My client has a problem. She has a $4 million estate and wishes to reduce it to the extent possible using gifts that qualify for the annual exclusion. Under Internal Revenue Code (IRC) Section 2503(b), she may make annual gifts of $10,000 ($20,000 if her spouse elects to “split” the gifts) to as many donees as she chooses.
My client’s problem is this: She has two children, and wishes to treat them equally in her estate and gift planning. Her son has three children of his own and her daughter has no children. For several years, my client has made gifts in December of $20,000 to each of her children and $20,000 to each of her grandchildren, so she has been able to diminish her estate by $100,000 per year at no gift or estate tax cost and without using up any of her unified credit. Her daughter has pointed out that while she is being enriched by $20,000 per year, her brother is being enriched to the tune of $80,000 per year. If, by reason of catastrophic illness, market declines, or other causes, my client is impoverished by the time of her death, when all is said and done her two children will not have been treated equally. Her daughter will be the loser–by a wide margin.
My client agrees with her daughter in theory. That is, she believes that she should give her daughter an amount annually that will equal the amount she gives to her son and his children. She just doesn’t think she should do this because giving $80,000 per year to her daughter would far exceed her available annual exclusion.
My client has read about the unified credit, which produces an effective exemption from estate and gift taxes in the amount of $650,000 in 1999, increasing to $675,000 in 2000 and 2001, $700,000 in 2002 and 2003, and incrementally up to $1,000,000 in 2006 and later years. (The unified credit exemption is now referred to as the “applicable exemption amount”.) But she has always believed that her lifetime gifts should not exceed the allowable annual exclusion, and that the unified credit should be “preserved” until her death (she believes this to be the estate tax equivalent of not dipping into her capital).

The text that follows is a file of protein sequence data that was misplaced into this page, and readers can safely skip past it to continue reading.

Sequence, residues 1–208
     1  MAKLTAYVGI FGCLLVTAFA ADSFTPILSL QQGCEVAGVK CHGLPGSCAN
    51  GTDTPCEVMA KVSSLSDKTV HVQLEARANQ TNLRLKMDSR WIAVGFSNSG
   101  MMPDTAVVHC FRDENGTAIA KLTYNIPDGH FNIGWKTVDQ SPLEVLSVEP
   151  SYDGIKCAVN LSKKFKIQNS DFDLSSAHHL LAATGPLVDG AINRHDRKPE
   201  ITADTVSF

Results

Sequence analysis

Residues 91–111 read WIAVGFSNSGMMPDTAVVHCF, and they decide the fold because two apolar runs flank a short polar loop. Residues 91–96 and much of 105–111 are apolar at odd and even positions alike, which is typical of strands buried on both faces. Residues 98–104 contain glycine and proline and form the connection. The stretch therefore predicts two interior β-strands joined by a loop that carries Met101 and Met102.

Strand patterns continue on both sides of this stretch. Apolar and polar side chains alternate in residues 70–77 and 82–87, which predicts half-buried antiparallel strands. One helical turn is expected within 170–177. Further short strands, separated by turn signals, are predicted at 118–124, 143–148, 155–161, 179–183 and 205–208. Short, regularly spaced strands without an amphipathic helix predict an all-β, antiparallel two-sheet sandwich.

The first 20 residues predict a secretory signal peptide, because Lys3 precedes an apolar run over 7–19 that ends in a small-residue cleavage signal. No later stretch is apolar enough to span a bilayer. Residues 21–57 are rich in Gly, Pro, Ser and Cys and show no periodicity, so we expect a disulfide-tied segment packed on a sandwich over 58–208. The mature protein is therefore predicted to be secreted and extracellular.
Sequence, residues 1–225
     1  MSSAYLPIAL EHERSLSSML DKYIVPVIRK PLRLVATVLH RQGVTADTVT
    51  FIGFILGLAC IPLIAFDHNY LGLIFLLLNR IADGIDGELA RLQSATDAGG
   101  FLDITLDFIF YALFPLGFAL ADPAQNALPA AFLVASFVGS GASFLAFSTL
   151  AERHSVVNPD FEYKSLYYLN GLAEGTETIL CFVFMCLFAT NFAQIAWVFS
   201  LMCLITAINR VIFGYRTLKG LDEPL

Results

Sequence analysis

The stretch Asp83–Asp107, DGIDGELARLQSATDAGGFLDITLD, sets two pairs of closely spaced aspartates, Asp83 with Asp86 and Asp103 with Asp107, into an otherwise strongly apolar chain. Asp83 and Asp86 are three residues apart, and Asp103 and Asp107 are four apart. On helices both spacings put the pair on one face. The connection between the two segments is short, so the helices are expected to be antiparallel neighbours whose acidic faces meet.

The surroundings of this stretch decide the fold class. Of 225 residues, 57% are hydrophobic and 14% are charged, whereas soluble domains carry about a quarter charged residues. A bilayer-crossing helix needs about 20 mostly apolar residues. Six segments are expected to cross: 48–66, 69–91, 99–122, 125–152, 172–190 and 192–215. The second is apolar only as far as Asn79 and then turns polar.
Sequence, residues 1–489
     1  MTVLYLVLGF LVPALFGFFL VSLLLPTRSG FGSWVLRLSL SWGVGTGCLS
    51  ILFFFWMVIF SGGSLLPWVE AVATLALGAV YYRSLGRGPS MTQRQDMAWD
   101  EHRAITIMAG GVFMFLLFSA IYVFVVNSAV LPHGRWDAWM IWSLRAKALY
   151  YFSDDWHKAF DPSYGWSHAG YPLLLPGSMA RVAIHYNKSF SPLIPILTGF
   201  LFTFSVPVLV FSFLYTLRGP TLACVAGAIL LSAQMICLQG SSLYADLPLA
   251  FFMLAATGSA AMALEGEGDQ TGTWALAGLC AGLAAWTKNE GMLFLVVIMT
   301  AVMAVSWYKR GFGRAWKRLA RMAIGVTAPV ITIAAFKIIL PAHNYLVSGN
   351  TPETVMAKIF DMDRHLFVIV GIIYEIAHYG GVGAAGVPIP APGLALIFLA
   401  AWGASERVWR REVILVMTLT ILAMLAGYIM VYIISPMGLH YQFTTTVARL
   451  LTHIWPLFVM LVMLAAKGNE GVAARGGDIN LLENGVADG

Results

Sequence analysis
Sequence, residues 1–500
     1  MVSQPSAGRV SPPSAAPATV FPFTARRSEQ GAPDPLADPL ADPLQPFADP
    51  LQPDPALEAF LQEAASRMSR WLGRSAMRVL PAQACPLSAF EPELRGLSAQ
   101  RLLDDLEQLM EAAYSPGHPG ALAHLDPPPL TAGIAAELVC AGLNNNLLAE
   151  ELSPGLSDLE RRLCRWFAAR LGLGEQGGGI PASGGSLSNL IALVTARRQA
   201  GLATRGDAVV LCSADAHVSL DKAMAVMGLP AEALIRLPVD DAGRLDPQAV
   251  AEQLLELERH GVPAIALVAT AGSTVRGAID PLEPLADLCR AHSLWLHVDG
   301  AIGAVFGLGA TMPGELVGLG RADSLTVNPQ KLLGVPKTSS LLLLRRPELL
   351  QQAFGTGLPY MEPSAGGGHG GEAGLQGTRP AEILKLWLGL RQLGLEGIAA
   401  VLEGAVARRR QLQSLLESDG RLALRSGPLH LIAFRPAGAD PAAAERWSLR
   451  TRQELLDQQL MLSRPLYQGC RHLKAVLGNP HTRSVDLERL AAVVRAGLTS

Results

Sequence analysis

This article will discuss the reasons why my client should probably go ahead and make additional gifts to her daughter. Let us assume for purposes of this article that my client’s husband has an estate equal to my client’s, so there is no need for her to consider his needs (should she predecease him) in her planning.
Making additional gifts
The applicable credit amount is available to every taxpayer once. To the extent that a taxpayer uses it up by making lifetime gifts in excess of the annual exclusion, it is not available to reduce the amount of a decedent’s estate that is subject to the estate tax at death. This result is accomplished by requiring an executor to add to a decedent’s gross estate on the estate tax return (Form 706) the amount of the decedent’s post-1976 taxable gifts. The applicable credit amount is then effectively applied to the total of the decedent’s transfers at death (her estate) and her inter vivos gifts.
It is clear that if my client has never made gifts exceeding her annual exclusion, her full applicable credit amount is available to her. So if she makes “taxable” gifts (exceeding the annual exclusion) of $650,000 this year, she will owe no gift tax. (There is even an advantage in her making gifts exceeding the applicable credit amount, in that the gift tax on the gifts is also removed from her estate and not subject to the gift or estate tax-giving this type of gift an advantage over transfers at death– provided she lives at least three years after making the gifts. But that’s for a different article.)